Starlings Laughing is a vivid memoir of life during the waning phase of colonial Africa. June Vendall Clark came to love passionately the wildlife, people and land of Southern Africa during the forty-three years she spent there. Living with her philandering husband, Robert Kay, on Far Lamorna, a farm in the Rhodesian bush, June surrounded herself with animals, befriended the local Africans and steeped herself in tribal legends. Despite the hardships of farm life and a stormy marriage, the magical quality of the land itself, reflected in the beauty of the changing seasons and in the wild animals, gave her a sense of purpose and belonging.
On a whim, Robert decreed the move to the remote Okavango delta on the edge of the Kalahari Desert. Shaku Zulu, a converted army surplus amphibious transporter, made an eccentric but practical home and for eight years they organised safaris, hunted crocodiles for a living and learned the practical lessons of survival in the wild. June became foster mother to lion cubs and other orphan animals, including a serval kitten, a jackal and a buffalo calf – ‘all of which either died or bit people’.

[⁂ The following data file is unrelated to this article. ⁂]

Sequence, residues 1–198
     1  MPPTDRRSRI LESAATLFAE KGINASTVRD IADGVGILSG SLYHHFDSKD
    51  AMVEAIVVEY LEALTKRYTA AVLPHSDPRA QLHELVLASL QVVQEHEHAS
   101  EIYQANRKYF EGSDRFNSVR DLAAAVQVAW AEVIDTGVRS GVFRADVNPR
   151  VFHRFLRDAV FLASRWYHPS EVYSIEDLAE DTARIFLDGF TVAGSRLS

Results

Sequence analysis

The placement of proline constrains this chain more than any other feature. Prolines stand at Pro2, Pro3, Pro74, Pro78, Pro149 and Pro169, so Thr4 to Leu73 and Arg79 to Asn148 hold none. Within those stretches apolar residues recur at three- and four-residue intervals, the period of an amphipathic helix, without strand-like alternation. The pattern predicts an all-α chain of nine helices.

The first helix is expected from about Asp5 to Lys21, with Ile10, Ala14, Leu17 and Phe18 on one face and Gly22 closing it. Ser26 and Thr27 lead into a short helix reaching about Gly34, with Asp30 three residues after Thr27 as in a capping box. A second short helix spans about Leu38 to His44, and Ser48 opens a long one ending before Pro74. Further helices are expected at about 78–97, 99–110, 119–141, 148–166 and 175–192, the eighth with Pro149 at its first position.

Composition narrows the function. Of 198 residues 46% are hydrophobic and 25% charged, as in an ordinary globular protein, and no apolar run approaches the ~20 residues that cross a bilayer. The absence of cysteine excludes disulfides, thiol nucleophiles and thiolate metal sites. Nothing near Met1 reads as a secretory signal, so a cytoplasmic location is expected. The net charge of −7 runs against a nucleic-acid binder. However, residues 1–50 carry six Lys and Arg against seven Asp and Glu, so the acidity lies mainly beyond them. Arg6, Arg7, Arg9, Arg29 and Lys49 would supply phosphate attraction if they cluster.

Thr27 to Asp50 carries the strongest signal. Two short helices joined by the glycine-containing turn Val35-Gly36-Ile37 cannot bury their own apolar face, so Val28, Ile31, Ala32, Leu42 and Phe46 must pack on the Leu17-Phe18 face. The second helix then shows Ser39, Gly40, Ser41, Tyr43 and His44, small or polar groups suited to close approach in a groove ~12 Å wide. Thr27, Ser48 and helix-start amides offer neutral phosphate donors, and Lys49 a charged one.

It was an enthralling but difficult existence. On top of endless financial problems, there were tropical diseases, terrifying encounters with killer lions and crocodiles and the final disintegration of the marriage to contend with. But then Robert and June found common cause in a battle to curb the random slaughter of wild animals, mostly by visiting ‘sportsmen’. Decades in advance of today’s concern for conservation, they embarked on a campaign to persuade local hunting tribes to create the Moremi Wildlife Reserve.
This, however, is not just another animal book. Beautifully written, in the tradition of Isak Dinesen’s Out of Africa and Elspeth Huxley’s The Flame Trees of Thika, Starlings Laughing is the richly rewarding chronicle of a courageous woman’s extraordinary times, told with honesty and humour.